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Cooling Expectations for Copenhagen

Nov 16, 2009
By Sean Piazza

COP15As the numbers on the Copenhagen Countdown clock continue to shrink, so too do expectations for a legally binding agreement among the 192 nations attending December’s United Nations Climate Change Conference (COP 15). Recent polls show wavering support among the American people for drastic action on climate change, implying that a collective rain check may be required to avoid another Kyoto-style failure.

In a recent collaboration with Scientific American titled Powering a Green Planet, FLYP presented two scientists’ plan, which asserts that the resources and technology are where they need to be to make the switch to carbon-free renewable energy sources, but that the political challenges are by far the biggest hurdles left to overcome.

A new Financial Times/Harris Poll suggest that it just may not be the time for that kind of bold agreement, at least not in the United States. When compared to the five European nations polled, a larger proportion of Americans still believe that climate change is not a threat at all—11 percent, versus 8 and 5 percent in Great Britain and Germany, respectively. Add to that a Pew poll in October which found that only around a third of Americans view climate change as a very serious problem—down almost 10 percent from April 2008—and the prospect of President Barack Obama convincing Congress to adopt any binding agreement looks bleak.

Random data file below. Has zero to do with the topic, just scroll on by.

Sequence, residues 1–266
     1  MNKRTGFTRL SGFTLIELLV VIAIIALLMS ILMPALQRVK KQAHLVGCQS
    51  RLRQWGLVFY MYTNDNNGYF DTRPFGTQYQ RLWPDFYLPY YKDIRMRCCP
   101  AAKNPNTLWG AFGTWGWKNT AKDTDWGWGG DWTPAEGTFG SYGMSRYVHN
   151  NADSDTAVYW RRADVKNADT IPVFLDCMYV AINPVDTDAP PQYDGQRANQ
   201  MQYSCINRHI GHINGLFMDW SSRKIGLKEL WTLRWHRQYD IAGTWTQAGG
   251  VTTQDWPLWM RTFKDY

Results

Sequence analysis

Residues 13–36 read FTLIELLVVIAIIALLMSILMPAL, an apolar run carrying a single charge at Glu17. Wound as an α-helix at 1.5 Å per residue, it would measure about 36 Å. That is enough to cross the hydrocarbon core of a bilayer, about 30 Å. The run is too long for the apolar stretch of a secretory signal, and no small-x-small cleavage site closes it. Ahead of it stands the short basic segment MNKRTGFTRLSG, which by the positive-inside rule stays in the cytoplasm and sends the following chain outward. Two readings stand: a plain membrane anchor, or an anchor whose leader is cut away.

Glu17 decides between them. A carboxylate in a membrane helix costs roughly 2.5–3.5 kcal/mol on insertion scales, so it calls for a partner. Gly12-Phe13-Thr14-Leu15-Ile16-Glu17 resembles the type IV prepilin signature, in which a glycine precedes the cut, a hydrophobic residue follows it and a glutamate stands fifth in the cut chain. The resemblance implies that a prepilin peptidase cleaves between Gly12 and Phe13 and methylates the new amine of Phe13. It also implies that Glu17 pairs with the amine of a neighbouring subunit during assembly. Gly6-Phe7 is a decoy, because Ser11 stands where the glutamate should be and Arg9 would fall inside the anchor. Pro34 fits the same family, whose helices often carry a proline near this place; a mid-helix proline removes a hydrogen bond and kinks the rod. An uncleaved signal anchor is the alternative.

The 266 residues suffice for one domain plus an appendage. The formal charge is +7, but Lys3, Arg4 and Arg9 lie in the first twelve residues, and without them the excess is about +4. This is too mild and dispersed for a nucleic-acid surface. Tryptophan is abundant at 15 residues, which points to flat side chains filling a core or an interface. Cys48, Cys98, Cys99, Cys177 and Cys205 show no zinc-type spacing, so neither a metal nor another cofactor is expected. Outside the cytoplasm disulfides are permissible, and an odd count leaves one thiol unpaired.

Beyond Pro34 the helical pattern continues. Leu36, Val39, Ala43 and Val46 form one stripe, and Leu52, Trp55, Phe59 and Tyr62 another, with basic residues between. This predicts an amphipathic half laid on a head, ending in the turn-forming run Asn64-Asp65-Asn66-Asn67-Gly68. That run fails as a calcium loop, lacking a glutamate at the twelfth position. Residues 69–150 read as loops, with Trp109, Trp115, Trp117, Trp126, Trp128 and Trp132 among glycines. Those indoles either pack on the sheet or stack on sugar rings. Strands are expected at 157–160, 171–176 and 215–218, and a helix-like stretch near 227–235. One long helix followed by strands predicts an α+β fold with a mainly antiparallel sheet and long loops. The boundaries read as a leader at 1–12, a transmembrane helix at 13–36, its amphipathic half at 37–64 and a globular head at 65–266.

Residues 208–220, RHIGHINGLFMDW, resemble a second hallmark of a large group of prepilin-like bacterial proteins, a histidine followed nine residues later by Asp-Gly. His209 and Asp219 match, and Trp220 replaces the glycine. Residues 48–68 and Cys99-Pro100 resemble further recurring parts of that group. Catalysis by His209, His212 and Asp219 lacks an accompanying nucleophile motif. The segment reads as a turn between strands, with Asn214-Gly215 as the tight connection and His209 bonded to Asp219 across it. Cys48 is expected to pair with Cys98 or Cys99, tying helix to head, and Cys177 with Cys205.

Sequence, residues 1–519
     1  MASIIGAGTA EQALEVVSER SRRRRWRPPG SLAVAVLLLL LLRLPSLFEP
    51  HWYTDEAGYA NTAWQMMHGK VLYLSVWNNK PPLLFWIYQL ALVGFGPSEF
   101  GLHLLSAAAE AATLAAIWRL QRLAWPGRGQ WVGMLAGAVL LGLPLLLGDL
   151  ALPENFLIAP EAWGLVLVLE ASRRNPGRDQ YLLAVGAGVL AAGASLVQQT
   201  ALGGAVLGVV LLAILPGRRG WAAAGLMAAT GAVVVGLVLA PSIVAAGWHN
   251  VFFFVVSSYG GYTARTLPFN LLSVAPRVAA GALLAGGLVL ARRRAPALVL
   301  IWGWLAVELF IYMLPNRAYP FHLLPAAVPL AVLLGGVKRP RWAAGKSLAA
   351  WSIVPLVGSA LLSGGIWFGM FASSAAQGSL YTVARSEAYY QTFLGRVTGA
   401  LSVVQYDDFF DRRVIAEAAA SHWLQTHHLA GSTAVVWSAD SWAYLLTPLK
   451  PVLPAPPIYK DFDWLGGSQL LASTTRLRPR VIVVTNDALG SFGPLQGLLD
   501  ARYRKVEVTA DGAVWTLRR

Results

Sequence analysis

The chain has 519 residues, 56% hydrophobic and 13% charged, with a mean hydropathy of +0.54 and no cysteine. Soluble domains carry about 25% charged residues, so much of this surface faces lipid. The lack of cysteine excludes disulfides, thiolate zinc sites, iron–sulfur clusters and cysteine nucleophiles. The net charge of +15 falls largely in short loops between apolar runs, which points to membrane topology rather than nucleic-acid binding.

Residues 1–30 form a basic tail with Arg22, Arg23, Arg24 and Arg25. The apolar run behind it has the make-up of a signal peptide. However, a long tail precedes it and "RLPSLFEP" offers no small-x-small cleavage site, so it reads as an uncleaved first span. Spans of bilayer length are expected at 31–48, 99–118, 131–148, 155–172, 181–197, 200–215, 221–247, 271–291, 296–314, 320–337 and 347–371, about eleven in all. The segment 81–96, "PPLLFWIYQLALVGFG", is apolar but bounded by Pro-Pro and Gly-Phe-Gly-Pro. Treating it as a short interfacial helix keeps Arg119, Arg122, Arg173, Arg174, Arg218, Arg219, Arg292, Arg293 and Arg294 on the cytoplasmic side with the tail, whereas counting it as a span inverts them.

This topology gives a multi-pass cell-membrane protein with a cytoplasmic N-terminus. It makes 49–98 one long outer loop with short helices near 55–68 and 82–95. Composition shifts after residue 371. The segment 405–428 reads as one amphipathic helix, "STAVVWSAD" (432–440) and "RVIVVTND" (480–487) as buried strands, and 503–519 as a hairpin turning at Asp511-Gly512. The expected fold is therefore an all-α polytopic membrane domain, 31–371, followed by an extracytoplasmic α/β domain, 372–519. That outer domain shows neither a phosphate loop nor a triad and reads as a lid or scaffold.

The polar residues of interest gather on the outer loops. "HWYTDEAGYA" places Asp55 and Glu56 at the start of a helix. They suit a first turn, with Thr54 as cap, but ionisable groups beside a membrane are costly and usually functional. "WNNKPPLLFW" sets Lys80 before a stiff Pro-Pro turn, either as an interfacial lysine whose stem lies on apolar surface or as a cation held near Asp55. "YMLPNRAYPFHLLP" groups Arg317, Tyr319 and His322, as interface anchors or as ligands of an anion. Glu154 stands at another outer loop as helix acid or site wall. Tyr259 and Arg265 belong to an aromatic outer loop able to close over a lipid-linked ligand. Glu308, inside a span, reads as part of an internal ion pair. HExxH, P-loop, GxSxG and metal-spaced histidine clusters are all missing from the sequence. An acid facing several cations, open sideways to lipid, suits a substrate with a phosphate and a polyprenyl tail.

But time for action is undoubtedly running out. Connie Hedegaard, president of COP15, believes that if we don’t deliver in Copenhagen we may not ever be able to deliver on the promise to reduce global carbon emissions.


 

Aside from the “ifs”, the “hows” are another problem: Compared to the five other nations in the Harris Poll, only 9 percent of Americans think that the government should play a key role in addressing climate change. The next lowest score is from France, which still saw twice the number of respondents—18 percent—supporting the government’s role in the issue.

UN
UN Secretary Ban Ki-moon addresses the UN Climate Change Summit in September. Photo by AFP Photo/Don Emmert/Newscom

The economy is partly to blame. In fact, the numbers say that more Americans polled seek out energy-efficient products only if it saves them money, compared to a smaller number who would pay more for goods with a low carbon footprint.

The prospect for 2010, however, appears to be more likely for the U.S. to take action, barring further economic contraction. With Obama’s first visit to China currently underway (less than a month from the conference in Copenhagen), the Guardian believes it will take more time to bring the U.S. and China to the table. They suggest putting off a global agreement until a scheduled 2010 climate meeting in Mexico.

Kyoto’s failure is widely pinned to the failure of the U.S., the world’s biggest producer of carbon emissions, to ratify the treaty. With popular opinion in the country apparently lukewarm about taking action on climate change, it looks like the world may still be some years away from a binding treaty that would give rise to the proper renewable energy infrastructure that the world so desperately needs.




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